Wiring problem

  • So my printer has been running perfectly happy for almost a year now, about a week ago I smelled a bit of burning plastic, and started to get warnings that Drivers 0,1,2,3,4 were over temperature and the print would come to a complete halt. I figured I would check the wiring and ensure there were no problems. Well, I was shocked when I detached the ATX PSU and found the 12v lines on the breakout board charred. Upon detaching the breakout board from the frame of the printer, the positive 12v lead just fell out of its connector.

    To power my printer, I was running from a 450w EVGA ATX PSU into a breakout board, and from there I connected to a 12v->24v Step up converter before feeding 24v power into my duet board. I had seen the warning on the duet wiring guide that all connections should be in crimped ferrules and that you should not use tinned connections. But... I didn't have the equipment to properly crimp the included ferrules, and I figured that if I clamped the screws down hard enough I would be okay. It looks like the step-up converter I used had tinned ends though. It's my belief that over time the connection was heated by the high currents passing through and the solder or tinning began to run. As the solder began to run, the connection became poorer and the resistance increased. Eventually, the connection failed.

    Burnt Out Board

    To repair the problem I ordered a ferrule set with crimps and reseated all of my screw terminal connections on the printer. I replaced the breakout board, and I cleaned the contacts on the ATX connector.

    This week, however, I have run into a problem with the new breakout board burning out as well.

    Second Burnt out Board

    I don't want to keep throwing parts at the problem and I want to get to the bottom of what is going on so I had a few questions for people who are more knowledgable than myself.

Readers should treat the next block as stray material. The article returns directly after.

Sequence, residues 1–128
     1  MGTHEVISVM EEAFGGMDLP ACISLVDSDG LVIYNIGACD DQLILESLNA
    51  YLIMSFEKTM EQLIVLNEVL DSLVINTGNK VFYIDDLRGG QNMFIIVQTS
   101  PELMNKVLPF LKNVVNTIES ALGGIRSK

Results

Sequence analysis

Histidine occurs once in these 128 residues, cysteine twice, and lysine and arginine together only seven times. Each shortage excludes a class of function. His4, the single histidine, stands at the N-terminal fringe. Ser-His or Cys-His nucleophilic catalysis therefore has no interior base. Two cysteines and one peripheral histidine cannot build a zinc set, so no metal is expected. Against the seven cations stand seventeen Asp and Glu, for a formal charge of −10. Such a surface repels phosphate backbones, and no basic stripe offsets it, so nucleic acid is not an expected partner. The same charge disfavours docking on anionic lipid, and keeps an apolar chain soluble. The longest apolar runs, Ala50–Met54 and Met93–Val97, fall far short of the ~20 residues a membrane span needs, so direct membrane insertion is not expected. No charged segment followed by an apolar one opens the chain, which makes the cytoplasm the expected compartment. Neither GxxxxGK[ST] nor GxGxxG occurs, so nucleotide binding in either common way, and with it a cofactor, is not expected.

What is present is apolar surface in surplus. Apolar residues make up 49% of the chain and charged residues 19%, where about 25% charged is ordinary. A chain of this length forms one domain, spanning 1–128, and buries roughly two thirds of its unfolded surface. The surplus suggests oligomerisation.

The first thing I want to do is ensure there are no shorts anywhere in my system. To do this I was planning to use my multi-meter to check the power lines coming off the duet mainboard. Specifically, I was planning to check the hotend heater cartridge, and the hotbed by checking the resistance across them from their wires that currently connect to my duet. Do you think just checking resistance will work? Do you have any idea what resistance I should be expecting? (E3d high precision 24v 40W and Anycubic 43188-247109 12v/24v ultrabase and heated) Obviously I expect to find some resistance and no resistance would imply a short, but what I mean is, do I need a particular resistance to be confident there is no short?

    Next, I plan to replace the breakout board again, and I am concerned the step up converter may have been damaged in the first incident. If so my guess is that there may be a short or problem with the step up converter that caused the second problem. Do you know if there is any way I can safely test the step up converter?

    Lastly I was wondering if there is any way that I can check to see if the ATX PSU needs to be replaced? or if the connections might still be okay. The 5v line is still working and the duet can power up, but I cannot turn "on" the power from the web interface anymore, which is probably cause the 12v power line has a charred connection. (I realized there was a problem with the power again when I saw that the web interface listed the vin as 1.7v and had the red off icon indicating the psu was turned off. I tried to turn on the PSU and when it wouldn't do so inspected the connection and found the second problem.)